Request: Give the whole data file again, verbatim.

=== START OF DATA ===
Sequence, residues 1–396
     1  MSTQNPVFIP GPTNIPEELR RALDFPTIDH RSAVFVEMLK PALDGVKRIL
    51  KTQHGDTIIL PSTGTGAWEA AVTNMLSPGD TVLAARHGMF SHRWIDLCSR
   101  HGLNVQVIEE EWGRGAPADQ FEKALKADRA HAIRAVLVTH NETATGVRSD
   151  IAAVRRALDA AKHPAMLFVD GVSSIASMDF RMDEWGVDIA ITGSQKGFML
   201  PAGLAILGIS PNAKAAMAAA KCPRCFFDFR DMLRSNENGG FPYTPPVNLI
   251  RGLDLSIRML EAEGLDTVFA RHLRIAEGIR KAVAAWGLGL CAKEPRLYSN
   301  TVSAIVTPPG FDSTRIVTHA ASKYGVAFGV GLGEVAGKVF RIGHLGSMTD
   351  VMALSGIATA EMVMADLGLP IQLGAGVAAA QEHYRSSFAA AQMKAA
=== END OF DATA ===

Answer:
Sequence, residues 1–396
     1  MSTQNPVFIP GPTNIPEELR RALDFPTIDH RSAVFVEMLK PALDGVKRIL
    51  KTQHGDTIIL PSTGTGAWEA AVTNMLSPGD TVLAARHGMF SHRWIDLCSR
   101  HGLNVQVIEE EWGRGAPADQ FEKALKADRA HAIRAVLVTH NETATGVRSD
   151  IAAVRRALDA AKHPAMLFVD GVSSIASMDF RMDEWGVDIA ITGSQKGFML
   201  PAGLAILGIS PNAKAAMAAA KCPRCFFDFR DMLRSNENGG FPYTPPVNLI
   251  RGLDLSIRML EAEGLDTVFA RHLRIAEGIR KAVAAWGLGL CAKEPRLYSN
   301  TVSAIVTPPG FDSTRIVTHA ASKYGVAFGV GLGEVAGKVF RIGHLGSMTD
   351  VMALSGIATA EMVMADLGLP IQLGAGVAAA QEHYRSSFAA AQMKAA